The title of It Comes at Night (2017) sets certain expectations. What exactly comes at night? But the survival thriller from writer/director Trey Edward Shults, set sometime after the ravages of an unnamed and unexplained plague have ripped through the cities and sent survivors into the isolation of the wilderness, isn’t about monsters (human or otherwise) who hunt in the dark. It’s more insidious than that, which is what makes it so unsettling and unnerving.
Our first image is of man, diseased and unable to speak, expiring as figures hidden behind gas masks try to comfort his passing. It’s both tender and alienating, a teary farewell turned mercy killing by terse, protective Paul (Joel Edgerton) and his wife, Sarah (Carmen Ejogo), and their 17-year-old son, Travis (Kelvin Harrison Jr.), and Shults continues directing in that vein. Everything is off-balance, the familiar always on edge. Their country home in the lush green forest has been boarded up and turned into a fortress, the gentle days are under constant threat of pillager and armed invaders, and the nights are plunged in isolation where every sound is a potential attack. So when they catch a man breaking into their home (which, to anyone on the outside, appears abandoned), they have to make a choice whether to believe Will (Christopher Abbott) when he says he’s just trying to find water and shelter for his wife and young son. As he’s not infected and there is strength in numbers and pooling supplies (he has livestock), they invite his family (Riley Keogh as his wife and David Pendleton as his toddler son) into their protected world.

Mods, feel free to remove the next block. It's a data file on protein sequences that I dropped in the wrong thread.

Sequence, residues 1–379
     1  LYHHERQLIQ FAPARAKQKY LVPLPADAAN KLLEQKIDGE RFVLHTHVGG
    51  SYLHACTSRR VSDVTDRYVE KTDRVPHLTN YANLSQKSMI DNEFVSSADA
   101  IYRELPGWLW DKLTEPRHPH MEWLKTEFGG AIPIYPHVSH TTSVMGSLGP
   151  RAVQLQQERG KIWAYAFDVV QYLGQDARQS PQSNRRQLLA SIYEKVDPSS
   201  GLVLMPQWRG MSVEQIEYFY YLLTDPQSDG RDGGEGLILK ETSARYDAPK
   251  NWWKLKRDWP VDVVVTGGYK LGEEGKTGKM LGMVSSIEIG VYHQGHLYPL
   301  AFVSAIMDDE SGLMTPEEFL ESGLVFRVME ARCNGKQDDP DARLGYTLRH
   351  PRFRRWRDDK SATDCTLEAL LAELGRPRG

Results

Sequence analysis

It Comes at Night could have gone off in any number of conventional directions but Shults keeps it lean and direct. There’s little backstory to speak of and no explanation for the pandemic and he doesn’t resort to external threats. This is no siege thriller and the zombies aren’t scratching to get in. The drama and conflict arises from the nuances of family dynamics and strangers getting to know each other under extreme circumstances. And in the midst of all this uncertainty is the teenage Travis, a sensitive boy toughening up fast in the savage world of the apocalypse, facing very human struggles within his own body. Not disease, mind you, just growing up.
The dark of night in a home with no windows lit entirely in isolated pools of lamplight and slashes of flashlight beams makes for a powerful atmosphere. Spooky and plunged in inky darkness, it beautifully echoes their own sense of unease and mistrust. We fill in the dark holes with our worst fears, especially when the survival of loved ones is at stake. It’s a film about survival and fear and suspicion, and how the deadly emotional cocktail bubbles in darkness and isolation. That human center makes it all the more affecting.
Rated R for violence, disturbing images, and language.
The Lionsgate DVD and Blu-ray features commentary by filmmaker Trey Edward Shults and actor Kelvin Harrison Jr. and the featurette “Human Nature: Creating It Comes at Night.” The Blu-ray also features a bonus Ultraviolet HD digital copy of the film.